Eating out. pork belly dreams. (Volterra).
We were eating dinner at Sitka & Spruce the other night when I overheard a fellow diner telling his friend that he liked to go to Volterra for Sunday brunch. (The thing about eating out is that you always hear people talking about other places they like). I had never been there before, but on their last visit my parents had gone there with some neighbors who spend a considerable amount of time at their villa somewhere in Tuscany and therefore know good Italian food when they see it. Somehow we found ourselves there on Sunday for brunch, even though we already had a dinner reservation for dinner another night. Tonight.
On Sunday morning the restaurant had been sunny and bright, the polished dark wood tables covered with coffee cups and plates of frittatas and scrambled eggs and poached eggs and pancakes and French toast that looked like soft golden pillows. Now the daylight is fading on the narrow, tree-lined streets outside; alabaster lamps hanging from the ceiling (handcarved in Volterra, the hillside town in the Tuscan countryside from which the restaurant takes its name) cast a soft glow over the gleaming stemware and dark-red walls. Now I notice the large photographs on the walls, sepia-toned images of Italy; the owners had gotten married in Volterra and their wedding photos mingle amongst images of winding cobblestone streets and wildflower meadows.
I know that I will order the pork belly as soon as I see it on the menu. L. is likewise tempted but decides instead on the wild boar tenderloin when I promise him a piece of my pork belly. We decide on appetizers - baked asparagus and artichokes, eggplant parmigiana, and halibut cheeks - and main courses - risotto (for my mother, who always orders risotto in Italian restaurants), pork belly (for me), halibut (for J. and J.), wild boar (for L.), and tortellini for S. I reach for a piece of the bread as we wait for the first course; it reminds me of the dense, plain, crusty bread we had in Italy, a good omen.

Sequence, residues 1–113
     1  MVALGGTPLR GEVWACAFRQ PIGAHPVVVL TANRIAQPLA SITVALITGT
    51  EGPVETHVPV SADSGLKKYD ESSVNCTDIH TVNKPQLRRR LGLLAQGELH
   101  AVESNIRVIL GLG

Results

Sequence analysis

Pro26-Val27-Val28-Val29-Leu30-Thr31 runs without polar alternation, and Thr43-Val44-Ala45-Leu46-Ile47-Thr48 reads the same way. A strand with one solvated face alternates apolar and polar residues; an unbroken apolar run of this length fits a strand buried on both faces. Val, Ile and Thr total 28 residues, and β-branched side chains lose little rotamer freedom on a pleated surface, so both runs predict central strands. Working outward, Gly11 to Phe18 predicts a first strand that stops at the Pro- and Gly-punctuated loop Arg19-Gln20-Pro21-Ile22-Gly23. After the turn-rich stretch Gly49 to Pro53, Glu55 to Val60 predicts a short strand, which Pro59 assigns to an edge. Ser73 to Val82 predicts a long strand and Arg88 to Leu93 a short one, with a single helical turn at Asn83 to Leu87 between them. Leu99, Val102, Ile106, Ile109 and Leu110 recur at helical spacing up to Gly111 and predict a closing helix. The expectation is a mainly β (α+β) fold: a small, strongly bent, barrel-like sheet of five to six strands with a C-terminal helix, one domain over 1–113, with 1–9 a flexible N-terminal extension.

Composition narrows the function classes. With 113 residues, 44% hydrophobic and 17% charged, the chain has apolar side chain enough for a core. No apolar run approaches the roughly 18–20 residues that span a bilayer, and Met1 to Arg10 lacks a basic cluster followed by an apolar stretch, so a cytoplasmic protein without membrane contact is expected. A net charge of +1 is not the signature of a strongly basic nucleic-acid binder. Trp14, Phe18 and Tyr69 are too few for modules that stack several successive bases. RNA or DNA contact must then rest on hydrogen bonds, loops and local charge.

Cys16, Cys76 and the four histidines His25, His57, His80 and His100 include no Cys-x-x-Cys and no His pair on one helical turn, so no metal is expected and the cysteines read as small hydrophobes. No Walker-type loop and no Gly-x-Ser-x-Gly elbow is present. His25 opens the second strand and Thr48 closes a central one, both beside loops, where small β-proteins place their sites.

The appetizers arrive. Asparagus and artichokes are piping-hot in a bubbling, creamy white sauce. Halibut cheeks are sweet and tender, contrasting against the faint textural acidity of the lentils. The crisp-soft eggplant has just enough cheese, just enough tomato, just enough crust, each element melding into the next without overwhelming. Then our main courses arrive, in pairs, each person craning their neck to see what the next person will be eating. My herb-scented pork belly is like a cross-section of layers - the crunchy skin, melting fat, rich, soft meat, crusty on the bottom; each bite is a play of one layer against the other. I don't know how the hell they did it. There is cheesy polenta, sautéed spinach, which I ignore in favor of the pork. I take a bite of L.'s wild boar tenderloin, with its deep, dark taste, a faintly gamey earthiness, the spark of mustard in the sauce, and offer a taste of mine in return.
There is no room left for dessert but I cannot resist a cherry-chocolate Napolean. What arrives is not the French mille-feuille-style kind, all cream and custard and paper-thin layers of crisp pastry. Instead, like the pork belly, it is a study in contrasts and flavors, tender chocolate cake, cream, cherries, sheets of chocolate, and a final layer of some chewy, nutty, dense cake, like nothing I have ever tasted. It is incredible.